Use of facial recognition by police should not be banned and instead left to the discretion of law enforcement rather than lawmakers, the UK’s new biometrics watchdog has said.
Fraser Sampson, the newly appointed commissioner whose job it is to scrutinise how police and other authorities deploy biometrics and surveillance cameras on the public, told the Financial Times he believed “police will have no alternative but to use facial recognition along with any other technology that is reasonably available to them.”
His reason, among others, was that criminals are increasingly relying on sophisticated technology, and police “need to match their technological capability”.
He added that artificial intelligence — a crucial tool for complex data processing — will be an “inevitable” and “increasingly necessary component of policing”.
Sampson’s views on facial recognition are diametrically opposed to those of his predecessor, Paul Wiles. He stated that it represents “significant intrusion” into an individual’s privacy, and called for biometric regulation of policing by the UK parliament.
The Metropolitan Police currently use live facial recognition on London streets to scan passers-by, searching for people suspected of serious crimes such as knife attacks and child sexual exploitation. The technology has also been used in trials in Cardiff by the South Wales Police.
Referring to the draft regulations on AI published by the European Commission last week, which include restrictions on facial recognition, Samson said the proposals could allow for countries to ban facial recognition by law enforcement outright, which he opposed.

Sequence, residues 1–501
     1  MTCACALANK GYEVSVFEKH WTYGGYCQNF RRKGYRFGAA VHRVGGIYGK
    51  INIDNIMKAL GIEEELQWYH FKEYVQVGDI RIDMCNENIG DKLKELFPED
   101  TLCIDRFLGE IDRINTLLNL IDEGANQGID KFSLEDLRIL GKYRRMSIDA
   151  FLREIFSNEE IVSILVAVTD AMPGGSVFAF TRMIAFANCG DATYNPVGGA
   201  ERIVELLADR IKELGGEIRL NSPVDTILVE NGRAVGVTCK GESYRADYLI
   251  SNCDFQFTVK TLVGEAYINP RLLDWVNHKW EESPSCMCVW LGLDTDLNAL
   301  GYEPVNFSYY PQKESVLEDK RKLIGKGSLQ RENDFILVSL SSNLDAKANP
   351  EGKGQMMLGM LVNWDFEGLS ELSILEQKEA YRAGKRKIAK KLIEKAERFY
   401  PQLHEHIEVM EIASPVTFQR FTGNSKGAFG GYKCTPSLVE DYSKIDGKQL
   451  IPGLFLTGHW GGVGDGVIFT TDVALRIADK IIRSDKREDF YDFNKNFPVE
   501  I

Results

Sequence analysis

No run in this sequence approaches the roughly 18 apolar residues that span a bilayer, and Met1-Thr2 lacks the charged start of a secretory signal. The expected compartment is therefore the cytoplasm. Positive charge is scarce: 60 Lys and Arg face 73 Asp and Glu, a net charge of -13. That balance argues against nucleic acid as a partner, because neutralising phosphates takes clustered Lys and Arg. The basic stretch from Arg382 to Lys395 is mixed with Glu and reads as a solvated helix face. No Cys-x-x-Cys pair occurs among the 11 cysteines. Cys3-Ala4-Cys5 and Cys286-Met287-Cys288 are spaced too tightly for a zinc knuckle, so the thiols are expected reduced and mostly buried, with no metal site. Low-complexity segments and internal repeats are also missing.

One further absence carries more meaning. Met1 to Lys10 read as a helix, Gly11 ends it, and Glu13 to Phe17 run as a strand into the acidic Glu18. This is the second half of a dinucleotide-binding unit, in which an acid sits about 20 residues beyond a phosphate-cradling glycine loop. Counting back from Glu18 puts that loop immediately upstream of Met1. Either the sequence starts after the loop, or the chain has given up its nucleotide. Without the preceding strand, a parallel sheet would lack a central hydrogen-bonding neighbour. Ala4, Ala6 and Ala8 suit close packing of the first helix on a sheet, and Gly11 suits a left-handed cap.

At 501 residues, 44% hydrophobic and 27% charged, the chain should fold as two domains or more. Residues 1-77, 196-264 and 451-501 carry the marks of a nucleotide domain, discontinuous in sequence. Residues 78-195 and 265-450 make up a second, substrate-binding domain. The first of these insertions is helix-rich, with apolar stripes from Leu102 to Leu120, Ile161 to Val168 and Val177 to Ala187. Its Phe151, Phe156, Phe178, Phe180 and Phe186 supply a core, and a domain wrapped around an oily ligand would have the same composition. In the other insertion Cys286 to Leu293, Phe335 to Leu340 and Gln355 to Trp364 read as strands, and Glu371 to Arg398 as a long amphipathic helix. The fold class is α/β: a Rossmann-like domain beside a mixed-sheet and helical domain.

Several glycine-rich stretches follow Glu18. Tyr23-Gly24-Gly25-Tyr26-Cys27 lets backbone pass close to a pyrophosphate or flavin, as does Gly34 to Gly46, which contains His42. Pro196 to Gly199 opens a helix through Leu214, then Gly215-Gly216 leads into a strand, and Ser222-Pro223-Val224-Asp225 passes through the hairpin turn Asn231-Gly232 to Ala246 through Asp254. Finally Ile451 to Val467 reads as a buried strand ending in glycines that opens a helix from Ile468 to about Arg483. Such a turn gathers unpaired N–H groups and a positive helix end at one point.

“I think where the risk lies is if . . . you end up with complete bans, it results in the proscription of certain technologies and tools and techniques, as we have seen in some other jurisdictions. I think blanket bans . . . may well be premature,” said Sampson, a former officer and solicitor for the police.
“That’s why I go back to discretion for decision makers. I think the framework, whatever we come up with in future, needs to . . . enable public bodies like police or other law enforcement services, to reasonably use all means available to discharge their statutory duty.”
The commissioner’s remarks come at a time when politicians, regulators and rights groups around the world have expressed concerns over the use of biometric technology, which they consider both invasive and often inaccurate. Among the biggest problems are the technology’s technical bias against women and people of colour.
“Not only will it turn public spaces into open-air prisons, it will entrench patterns of discrimination that already oppress entire communities,” said Emmanuelle Andrews, policy and campaigns officer at the rights organisation Liberty, which launched the first legal challenge of the technology, against South Wales police.
In the US, there have been at least three reported cases of wrongful arrests because of incorrect facial recognition matches — all three were black men.
Technology companies such as Amazon and Microsoft announced last year that they would temporarily stop providing law enforcement agencies with facial recognition tools and in 2019 San Francisco became the first city in the US to ban its use by local authorities.
In Liberty’s legal challenge, the UK Court of Appeal ruled that facial recognition use by South Wales police breached rights and data protection laws. The court also found that too broad a discretion was given to individual police officers.
“It is the only case in English law that gives us serious guidance on what automated decision-making systems should look like. [And] if you look at the abuses of facial recognition that have clearly gone on in the US, then it’s hard to say we should give police complete discretion over how to use these systems,” said Lilian Edwards, law professor at Newcastle University, and an expert in internet law and AI.
Sampson took up his new post on March 1, when the Home Office merged the two separate roles of Biometrics Commissioner and Surveillance Camera Commissioner.
“The roles have been combined because the two areas are naturally coming closer,” Sampson said. “I think this area is all about balancing three things: what we can do technically, what can be done legally, and more broadly what will get the support of communities and society at large. Getting that balance right is the strategic challenge ahead.”